After 30 years in solitary, can SB 260 set me free?

by Randall Sondai Ellis

Are you aware of California Senate Bill 260 by Sen. Loni Hancock? It deals with youth offenders’ parole hearings and was signed into law Sept. 16, 2013, by the governor. It requires the parole board to consider release of offenders who committed offenses prior to being 18 years of age.

Randall Sondai Ellis early '80sI was just 16 when I was sent off to prison some 32 years ago.

S.B. 260 comes on the heels of the U.S. Supreme Court ruling in Miller v. Alabama (2012) 183 L.Ed.2d 407, which continued an embracing of the science which suggests a “fundamental difference between juvenile minds and adult minds,” including parts of the brain involved in behavior control.

In S.B. 260 the Legislature recognizes that youthfulness both lessens a juvenile’s moral culpability and enhances the prospect that as a youth matures into an adult and neurological development occurs, a “youth offender” can become a contributing member of society. S.B. 260 says it is the intent of the legislature to create a process by which growth and maturity of youthful offenders can be assessed and a meaningful opportunity for release established.

In 2009, I had a parole hearing where I was represented by attorney Anthony D. Prince, who tried to raise the scientific data that S.B. 260 now embraces. The very wise Mr. Prince used the Supreme Court’s ruling in Roper v. Simmons, 543 U.S. 551, 564-67 (2005), which abandoned the death penalty for juveniles because of their diminished culpability.

However, in 2009, the board, like every board prior, would not consider the argument nor could it care less about age. The board interpreted the argument of diminished culpability as an avoidance of responsibility and a lack of insight – and denied me parole for 10 more years.

However, because in my opinion of this brilliant approach and argument by attorney Prince, the board was forced to use what it called confidential information to justify its denial. It wouldn’t tell us what this information was nor would it give us the dates of any reports as is required by their rules, which brings me to the reason for this letter: I need a lawyer who would be willing to represent me at this next hearing.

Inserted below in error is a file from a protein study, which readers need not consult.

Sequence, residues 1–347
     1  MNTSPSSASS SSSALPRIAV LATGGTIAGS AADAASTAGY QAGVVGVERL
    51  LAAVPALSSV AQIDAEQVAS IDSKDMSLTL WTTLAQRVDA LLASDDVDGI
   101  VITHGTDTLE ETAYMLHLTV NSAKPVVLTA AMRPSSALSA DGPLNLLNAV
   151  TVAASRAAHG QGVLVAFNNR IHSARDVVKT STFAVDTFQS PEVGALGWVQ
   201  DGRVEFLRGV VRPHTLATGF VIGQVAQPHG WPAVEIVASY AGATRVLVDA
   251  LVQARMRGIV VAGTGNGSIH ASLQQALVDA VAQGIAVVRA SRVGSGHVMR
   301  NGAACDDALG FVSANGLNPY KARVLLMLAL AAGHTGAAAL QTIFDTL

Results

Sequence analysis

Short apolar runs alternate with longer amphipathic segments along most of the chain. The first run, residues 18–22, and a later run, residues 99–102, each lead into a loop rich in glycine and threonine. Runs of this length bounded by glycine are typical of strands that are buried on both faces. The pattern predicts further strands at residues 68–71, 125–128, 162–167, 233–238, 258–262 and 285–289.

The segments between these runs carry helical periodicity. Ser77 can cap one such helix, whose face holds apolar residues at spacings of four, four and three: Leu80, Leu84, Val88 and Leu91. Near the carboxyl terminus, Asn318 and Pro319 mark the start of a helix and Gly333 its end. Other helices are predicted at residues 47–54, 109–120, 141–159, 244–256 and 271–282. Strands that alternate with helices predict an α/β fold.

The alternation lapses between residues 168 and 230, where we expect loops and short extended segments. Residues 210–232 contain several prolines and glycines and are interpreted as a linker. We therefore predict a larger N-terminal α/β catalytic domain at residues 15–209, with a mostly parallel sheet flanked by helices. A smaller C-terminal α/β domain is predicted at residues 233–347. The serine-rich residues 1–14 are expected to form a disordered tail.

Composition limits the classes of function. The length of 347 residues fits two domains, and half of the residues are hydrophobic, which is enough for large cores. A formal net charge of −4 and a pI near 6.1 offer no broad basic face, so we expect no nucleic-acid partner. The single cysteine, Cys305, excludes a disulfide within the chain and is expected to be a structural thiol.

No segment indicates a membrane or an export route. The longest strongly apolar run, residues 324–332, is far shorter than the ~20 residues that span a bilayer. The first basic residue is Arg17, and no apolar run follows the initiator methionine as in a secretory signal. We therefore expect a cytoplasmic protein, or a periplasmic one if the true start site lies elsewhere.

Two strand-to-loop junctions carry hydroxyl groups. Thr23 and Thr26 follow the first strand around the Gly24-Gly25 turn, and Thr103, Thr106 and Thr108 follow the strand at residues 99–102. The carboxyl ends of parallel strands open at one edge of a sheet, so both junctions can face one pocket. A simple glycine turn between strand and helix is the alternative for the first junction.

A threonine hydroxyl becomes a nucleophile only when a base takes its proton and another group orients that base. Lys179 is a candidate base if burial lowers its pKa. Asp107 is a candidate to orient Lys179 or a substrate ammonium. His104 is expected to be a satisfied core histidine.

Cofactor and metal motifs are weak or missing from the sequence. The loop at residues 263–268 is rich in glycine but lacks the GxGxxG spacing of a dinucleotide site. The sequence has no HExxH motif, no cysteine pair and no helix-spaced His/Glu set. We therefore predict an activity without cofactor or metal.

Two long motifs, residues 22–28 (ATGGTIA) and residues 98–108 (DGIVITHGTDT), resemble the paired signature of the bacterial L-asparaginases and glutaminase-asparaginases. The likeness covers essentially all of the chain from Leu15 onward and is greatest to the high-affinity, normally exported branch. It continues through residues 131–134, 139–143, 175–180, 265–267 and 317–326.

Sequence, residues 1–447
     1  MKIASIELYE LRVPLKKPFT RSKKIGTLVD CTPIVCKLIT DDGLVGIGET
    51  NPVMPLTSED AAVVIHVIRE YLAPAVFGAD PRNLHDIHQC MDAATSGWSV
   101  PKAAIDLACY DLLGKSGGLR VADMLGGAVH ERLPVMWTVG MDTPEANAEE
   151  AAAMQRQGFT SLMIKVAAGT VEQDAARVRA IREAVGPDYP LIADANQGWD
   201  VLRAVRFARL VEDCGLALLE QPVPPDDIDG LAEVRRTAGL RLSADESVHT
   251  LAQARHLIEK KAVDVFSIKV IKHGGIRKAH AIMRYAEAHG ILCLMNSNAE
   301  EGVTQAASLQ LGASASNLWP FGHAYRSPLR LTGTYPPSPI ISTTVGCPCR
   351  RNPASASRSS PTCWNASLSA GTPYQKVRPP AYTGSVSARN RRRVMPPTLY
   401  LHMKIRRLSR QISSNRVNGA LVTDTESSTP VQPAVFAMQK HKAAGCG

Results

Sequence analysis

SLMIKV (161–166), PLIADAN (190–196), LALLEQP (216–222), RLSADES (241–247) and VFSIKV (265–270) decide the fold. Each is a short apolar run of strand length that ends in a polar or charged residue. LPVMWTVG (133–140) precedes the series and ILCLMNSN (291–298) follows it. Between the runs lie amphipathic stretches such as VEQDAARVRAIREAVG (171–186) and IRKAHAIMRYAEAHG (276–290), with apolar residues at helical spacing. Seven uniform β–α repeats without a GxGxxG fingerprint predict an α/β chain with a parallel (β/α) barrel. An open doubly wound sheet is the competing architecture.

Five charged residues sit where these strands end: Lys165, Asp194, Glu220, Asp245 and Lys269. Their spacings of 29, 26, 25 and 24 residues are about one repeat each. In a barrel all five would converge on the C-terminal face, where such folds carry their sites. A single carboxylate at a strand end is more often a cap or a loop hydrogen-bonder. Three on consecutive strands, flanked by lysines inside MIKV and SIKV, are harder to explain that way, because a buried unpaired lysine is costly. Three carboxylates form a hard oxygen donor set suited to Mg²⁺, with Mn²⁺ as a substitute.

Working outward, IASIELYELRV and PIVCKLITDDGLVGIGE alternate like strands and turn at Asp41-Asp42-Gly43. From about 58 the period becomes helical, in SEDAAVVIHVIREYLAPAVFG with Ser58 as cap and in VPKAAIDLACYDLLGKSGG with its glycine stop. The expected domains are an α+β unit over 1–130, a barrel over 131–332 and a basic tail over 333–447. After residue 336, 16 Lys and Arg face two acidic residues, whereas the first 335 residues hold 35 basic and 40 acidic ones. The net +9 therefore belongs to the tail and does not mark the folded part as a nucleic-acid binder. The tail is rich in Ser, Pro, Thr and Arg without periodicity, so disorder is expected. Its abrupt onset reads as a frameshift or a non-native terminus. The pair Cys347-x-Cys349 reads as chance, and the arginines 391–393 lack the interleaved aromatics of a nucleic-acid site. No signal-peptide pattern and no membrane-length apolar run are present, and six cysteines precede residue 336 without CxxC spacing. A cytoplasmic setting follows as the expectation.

By its terms, S.B. 260 requires that all youth offenders who become eligible by the passage of 260 to have a hearing by July 2, 2015.

In 2009, I had a parole hearing where I was represented by attorney Anthony D. Prince, who tried to raise the scientific data that S.B. 260 now embraces. When attorney Prince argued these specifics in 2009, he was rudely shouted down by the commissioner with a “Sir, sir, none of that has ever been proven.” I was denied parole for 10 more years.

I would like to have a lawyer I can trust to represent me because since the board elected to use confidential information in 2009, it was imperative that I be given that information so that I can defend myself as is required by In Re Olson (1979) 37 Cal.App.3d 783 and In Re Prewitt (1972) 8 Cal.3d 470.

If I am forced to accept a board-appointed attorney, he or she is not likely to push for this 2009 confidential information to be turned over as it should and perhaps will even work against me.

Randall Sondai Ellis 091712, croppedS.B. 260 amends the Penal Code and adds two new sections, Section 3051(a) on youth offender parole hearings and Section 4801(c) requiring the board to give great weight to the diminished culpability of juveniles as compared to adults, the hallmark features of youth, and any subsequent growth and increased maturity of the prisoner in accordance with relevant case law.

When attorney Prince argued these specifics in 2009, he was rudely shouted down by the commissioner with a “Sir, sir, none of that has ever been proven.”

I am hoping a lawyer who isn’t afraid to roll up his or her sleeves will adequately represent me at this youth offender hearing. It is also important to note that the Supreme Court also said that “when compared to an adult murderer, a juvenile offender who did not kill or intend to kill has a twice diminished moral culpability.”

The intent of S.B. 260 is to provide a meaningful opportunity for release for youth offenders. It requires that the psychological experts be trained to take into consideration all the hallmarks of youth and board rules be changed to ensure that this meaningful opportunity is realized.

Unfortunately, as a result of the state’s practice of long-term solitary confinement, I have spent the last 30-plus years in solitary confinement. I know, no matter what S.B. 260 says, any parole consideration is surely to turn on this fact, which is why I need adequate representation.

Send our brother some love and light: Randall Sondai Ellis, C-68764, PBSP SHU C2-222, P.O. Box 7500, Crescent City, CA 95532.